brother, who played his way into last week's Doral field. He
knows the locker room attendant, Ed Kosinski, known in his days
as a Tour caddie as Falcon Eddie. In South Florida golf Mike
knows everybody, and all the real golf people (27 and older) know
him. Trump passes the litmus test. He knows Mike--his career,
Jim Fazio, Tom's older brother, designed the course, and he
happens to be playing in front of us. When we finish, Mike pays
the course a high compliment. "They could play a PGA Tour event
here tomorrow," he says. The Trump course is long, interesting,
wild, with a clubhouse three sizes too big. The Honda tournament
keeps moving around South Florida, but the chances of its moving
to Trump International are beyond slim. Honda uses the tournament
to sell cars. When you're in business with Trump, Trump is the
star. There's nothing about Trump International that says Honda.
Nobody's driving a Civic Hybrid there. In fact, on the phone
before our game, Trump suggests I take a look at the cars in his
parking lot. "You won't find better cars at any club in Florida,"
Trump says. He is probably correct. There's my Taurus from Hertz,
Mike's Acura and a fleet of high-end foreign cars, one of which
belongs to Floyd, a big, black shiny Lexus. The '86 U.S. Open
champion and the '90 runner-up shake hands and chat for a bit.
Mike congratulates Raymond on the marriage of his son Robert.
On Thursday, while the first round was being played at Doral,
Mike and I played a private club called Adios in Coconut Creek,
not far from Fort Lauderdale, but well inland. We would have
never gotten on the course, except that the club president, a guy
from Chicago who remembers the '90 Open well, is a fan of Mike's.
We had one other thing going for us: Arnold Palmer, an Adios
member and the designer of the course, arranged for us to play.
Palmer founded the club 20 years ago with a group of other men,
including the late Del Miller, the harness driver, Whitey Ford,
and the late Dave Thomas, who named his Wendy's hamburger chain
for his daughter. It's a men's club with a well-maintained and
unpretentious course that begins and ends with long par5s and a
manly clubhouse. By this I mean the sandwiches are big, there's a
prominent painting of Jackie Gleason, and there are many TVs.
Some famous athletes are members, including Cris Carter, Alex
Rodriguez and Carl Yastrzemski.
That the club is for men only doesn't bother either Mike or me.
In Philadelphia, my wife belongs to a women's club. I belong to a
men's club. Sometimes life is better that way. They're just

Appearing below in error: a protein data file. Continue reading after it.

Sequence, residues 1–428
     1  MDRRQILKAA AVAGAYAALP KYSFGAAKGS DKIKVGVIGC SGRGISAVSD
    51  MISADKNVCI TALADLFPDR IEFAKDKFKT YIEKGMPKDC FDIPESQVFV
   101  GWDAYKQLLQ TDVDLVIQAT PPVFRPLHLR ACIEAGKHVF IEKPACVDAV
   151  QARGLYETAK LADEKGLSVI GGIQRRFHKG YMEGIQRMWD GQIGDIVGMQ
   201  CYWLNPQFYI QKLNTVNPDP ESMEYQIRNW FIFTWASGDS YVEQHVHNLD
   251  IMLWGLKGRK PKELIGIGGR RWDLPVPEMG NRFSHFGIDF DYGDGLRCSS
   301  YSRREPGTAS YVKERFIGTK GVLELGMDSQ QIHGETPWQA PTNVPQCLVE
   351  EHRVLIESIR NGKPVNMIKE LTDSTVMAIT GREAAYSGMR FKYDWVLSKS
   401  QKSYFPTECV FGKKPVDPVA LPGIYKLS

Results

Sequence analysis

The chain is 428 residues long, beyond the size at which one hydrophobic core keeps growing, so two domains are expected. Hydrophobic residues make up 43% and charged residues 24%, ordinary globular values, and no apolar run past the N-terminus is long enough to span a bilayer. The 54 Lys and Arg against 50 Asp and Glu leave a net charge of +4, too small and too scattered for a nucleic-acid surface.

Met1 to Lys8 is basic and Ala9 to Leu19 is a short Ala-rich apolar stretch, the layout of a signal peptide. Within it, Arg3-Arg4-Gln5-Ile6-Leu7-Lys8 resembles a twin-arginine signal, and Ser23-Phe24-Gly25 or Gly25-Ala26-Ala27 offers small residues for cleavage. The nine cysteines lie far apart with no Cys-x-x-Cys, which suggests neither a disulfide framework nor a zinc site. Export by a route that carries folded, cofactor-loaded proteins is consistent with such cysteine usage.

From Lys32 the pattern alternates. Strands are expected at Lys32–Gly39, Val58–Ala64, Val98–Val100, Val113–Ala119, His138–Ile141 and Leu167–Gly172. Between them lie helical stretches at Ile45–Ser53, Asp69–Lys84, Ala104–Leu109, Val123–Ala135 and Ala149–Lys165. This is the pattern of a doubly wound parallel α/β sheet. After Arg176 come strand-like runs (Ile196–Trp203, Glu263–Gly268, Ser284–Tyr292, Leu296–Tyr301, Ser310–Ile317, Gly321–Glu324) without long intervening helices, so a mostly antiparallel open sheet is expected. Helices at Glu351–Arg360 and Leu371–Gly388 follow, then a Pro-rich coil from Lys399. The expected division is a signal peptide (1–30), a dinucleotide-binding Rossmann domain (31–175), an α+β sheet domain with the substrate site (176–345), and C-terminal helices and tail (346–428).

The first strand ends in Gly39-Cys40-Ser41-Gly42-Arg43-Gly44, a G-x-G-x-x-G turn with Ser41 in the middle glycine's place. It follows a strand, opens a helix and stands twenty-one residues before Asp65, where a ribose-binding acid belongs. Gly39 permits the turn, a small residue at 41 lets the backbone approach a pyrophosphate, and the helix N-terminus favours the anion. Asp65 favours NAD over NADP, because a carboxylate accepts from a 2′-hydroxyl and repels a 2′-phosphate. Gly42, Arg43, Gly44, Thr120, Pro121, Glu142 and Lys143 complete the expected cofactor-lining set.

clubs, after all. On Augusta National and the Masters, Mike and I
differ. He blames Martha Burk for the mess. I put it all on
Hootie. He thinks Augusta National should fight it out. If I were
the boss, I'd ask a handful of women to join today.
At one point during our round, Mike came upon Marino, an Adios
member who usually breaks 80 and sometimes 70. The former
Dolphins quarterback passes the litmus test. "Mike," he calls
out, "missed that Doral qualifier by one, huh?"
After lunch--I had an Arnold Palmer (iced tea and lemonade) with
my sandwich and the waiter didn't have to ask me what I
meant--Mike and I drove over to the course where he played
hundreds of rounds as a kid, a short, simple public course with
shallow bunkers called Arrowhead, in the town of Davie. Two
hundred yards off the 1st tee there's a little bump in the
fairway, which Mike and his buddies called Sissy Ridge. His
mother would pick him up at the course every day, all year long.
Mike's father was a mechanic, and his mother owned a little shop
that sold ceramics. Mike, at his core, is working-class too, and
he appreciates the value of an earned dollar. In 1970 he caddied
for the winner, Bill Garrett, at an old Tour stop, the Coral
Springs Open Invitational. Garrett earned $25,000 and gave $800
to his 15-year-old caddie, who spent most of it on golf balls.
Last Friday, Mike and I went to Doral. "Man," Donald said, eyeing
a bleached blonde whose best days were far behind her. "She's
still out here? She was a Tour groupie 15 years ago." He caught
up with Sposa, saw the kid pure a bunch of shots and rattle off a
bunch of birdies, getting himself to three under par, red enough
to make the cut. Sposa started Sunday in 14th place, but shot 76
and finished 64th. A few spectators, the real golf bums,
recognized Mike. He ran into Murphy, working the tournament as a
commentator for NBC.
"Murph!" Mike said, 34 years after they first crossed paths
"Statman!" Murphy yelled back.
On Monday, Mike played in the Honda qualifier at Ironhorse, 156
players for two spots. If you want to know how Mike made out, do
what Mike does: Study the sports section agate type, get on the
Internet, live the game, obsess the game. Then you can call
yourself a golf bum too.
COLOR PHOTO: PHOTOGRAPHS BY DAVID WALBERG SO CLOSE Donald today (right) is still affected by his run at the 1990 U.S. Open, at which Irwin (center) ended up taking the victory lap.
COLOR PHOTO: JOHN BIEVER (LEFT) [See caption above]
COLOR PHOTO: CHARLES BENNETT/AP (CENTER) [See caption above]
TWO COLOR PHOTOS: PHOTOGRAPHS BY DAVID WALBERG DRIVEN Donald can still go low, but after falling a shot short in the Doral qualifier, he was relegated to casual rounds.
COLOR PHOTO: WILFREDO LEE/AP NEVER ON SUNDAY Sposa (below) faded again with a final-round 76 at Doral, the first stop on the Florida swing.
COLOR PHOTO: PHOTOGRAPHS BY DAVID WALBERG [See caption above]
He has made 296 Tour cuts, but none since 2000. He keeps playing,
although sometimes he doesn't know why.
In South Florida golf Mike knows everybody, and all the real golf
people know him. Trump passes the test.